These soldiers didn’t perform well, and unsurprisingly, were not very happy. The theory was that the stress of being at a high altitude and in the cold while performing a cognitively demanding task was depleting dopamine.
Because of the drop in dopamine, their mental performance declined.
When the researchers supplemented another group of these soldiers with Tyrosine to replenish their tyrosine stores, they were able to maintain their mental performance despite the cold and high altitude.
Other studies have also shown the benefits of taking tyrosine during various stresses like extreme heat , extreme cold , and sleep deprivation .
How does L-tyrosine enhance brain function?
One thing all these studies have in common is stress.
Tyrosine works based on something called the “repletion effect” which is literally the opposite of the depletion effect.
Think of your brain as a car. It needs fuel to run. When you drive fast, you burn more fuel, and if you run out, your car will stop running.
This is an example of the depletion effect. When you pull into a gas station and fill up the gas tank that is an example of the “repletion effect”.
During times of cognitive stress like zoom meetings, multitasking, math tests, or something as simple as driving, the neurons that release dopamine become very active.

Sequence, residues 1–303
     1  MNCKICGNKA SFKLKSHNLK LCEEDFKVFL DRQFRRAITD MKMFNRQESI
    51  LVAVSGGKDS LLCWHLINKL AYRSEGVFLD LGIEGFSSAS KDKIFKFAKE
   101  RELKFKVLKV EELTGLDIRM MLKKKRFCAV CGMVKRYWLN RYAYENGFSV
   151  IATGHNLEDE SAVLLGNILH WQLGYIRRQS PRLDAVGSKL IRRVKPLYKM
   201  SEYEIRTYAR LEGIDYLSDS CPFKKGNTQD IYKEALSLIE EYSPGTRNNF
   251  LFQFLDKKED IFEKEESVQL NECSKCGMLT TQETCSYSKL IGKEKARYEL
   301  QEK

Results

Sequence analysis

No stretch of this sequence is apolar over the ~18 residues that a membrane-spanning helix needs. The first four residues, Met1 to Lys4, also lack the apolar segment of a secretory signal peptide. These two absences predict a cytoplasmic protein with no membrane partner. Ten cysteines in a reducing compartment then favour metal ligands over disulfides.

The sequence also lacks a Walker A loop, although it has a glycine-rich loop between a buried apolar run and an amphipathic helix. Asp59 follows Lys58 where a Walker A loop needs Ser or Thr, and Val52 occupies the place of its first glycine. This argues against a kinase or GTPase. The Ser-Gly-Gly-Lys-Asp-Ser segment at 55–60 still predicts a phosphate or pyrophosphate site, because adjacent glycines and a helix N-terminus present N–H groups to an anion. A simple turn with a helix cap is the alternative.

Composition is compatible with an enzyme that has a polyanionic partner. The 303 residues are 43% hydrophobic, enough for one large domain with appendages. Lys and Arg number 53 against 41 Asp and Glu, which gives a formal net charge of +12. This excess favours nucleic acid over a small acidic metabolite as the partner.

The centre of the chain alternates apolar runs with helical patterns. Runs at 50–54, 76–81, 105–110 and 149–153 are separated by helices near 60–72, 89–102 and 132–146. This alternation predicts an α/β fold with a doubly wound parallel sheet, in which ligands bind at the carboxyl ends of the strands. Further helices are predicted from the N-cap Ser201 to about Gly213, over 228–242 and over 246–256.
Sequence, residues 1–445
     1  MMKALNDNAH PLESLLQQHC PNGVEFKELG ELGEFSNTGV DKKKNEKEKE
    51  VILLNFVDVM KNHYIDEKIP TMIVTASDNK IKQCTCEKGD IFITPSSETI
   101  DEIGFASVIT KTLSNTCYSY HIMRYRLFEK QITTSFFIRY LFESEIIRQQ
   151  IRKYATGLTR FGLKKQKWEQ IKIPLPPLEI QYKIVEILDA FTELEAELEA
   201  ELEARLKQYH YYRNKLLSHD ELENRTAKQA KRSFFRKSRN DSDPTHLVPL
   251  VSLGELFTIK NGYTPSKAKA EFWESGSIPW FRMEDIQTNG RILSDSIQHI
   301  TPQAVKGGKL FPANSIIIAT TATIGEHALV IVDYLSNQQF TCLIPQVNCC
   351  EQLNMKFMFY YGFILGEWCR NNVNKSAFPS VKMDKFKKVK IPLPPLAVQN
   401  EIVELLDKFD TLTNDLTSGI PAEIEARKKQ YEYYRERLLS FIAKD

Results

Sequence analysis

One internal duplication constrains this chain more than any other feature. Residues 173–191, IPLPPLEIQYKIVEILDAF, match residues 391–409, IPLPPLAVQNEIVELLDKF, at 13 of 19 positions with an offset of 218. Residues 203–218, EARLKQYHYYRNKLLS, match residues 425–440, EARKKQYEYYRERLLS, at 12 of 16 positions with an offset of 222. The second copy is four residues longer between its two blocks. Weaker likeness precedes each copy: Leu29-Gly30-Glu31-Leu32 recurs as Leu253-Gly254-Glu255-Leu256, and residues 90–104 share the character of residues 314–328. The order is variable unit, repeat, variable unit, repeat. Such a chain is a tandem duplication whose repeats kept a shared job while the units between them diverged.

At the same time, as a society we are reporting record high levels of emotional and workplace stress . If you’re feeling stressed, without even knowing it, you’re also activating your fight-or-flight stress response.
Remember those other two catecholamines we mentioned - Epinephrine and norepinephrine?
They use tyrosine as a building block as well. When you’re feeling stress (fight or flight), your body starts to dump large amounts of epinephrine and norepinephrine into your bloodstream to cause the fight or flight stress response.
Higher brain functions and stress responses both rely on tyrosine to make catecholamines. If one (or both) of these systems is being pushed hard, this can lead to shortages.
Unfortunately, if you are stressed out, it’s your brain that suffers the short end of the stick.
From an evolutionary perspective, this makes sense. If you have a lion chasing you, you need to run. You don’t need to form and present a cohesive argument as to why you would make a terrible meal!
Scientific studies show that if you give back tyrosine (replenish the stores), you can actually maintain mental performance during stress.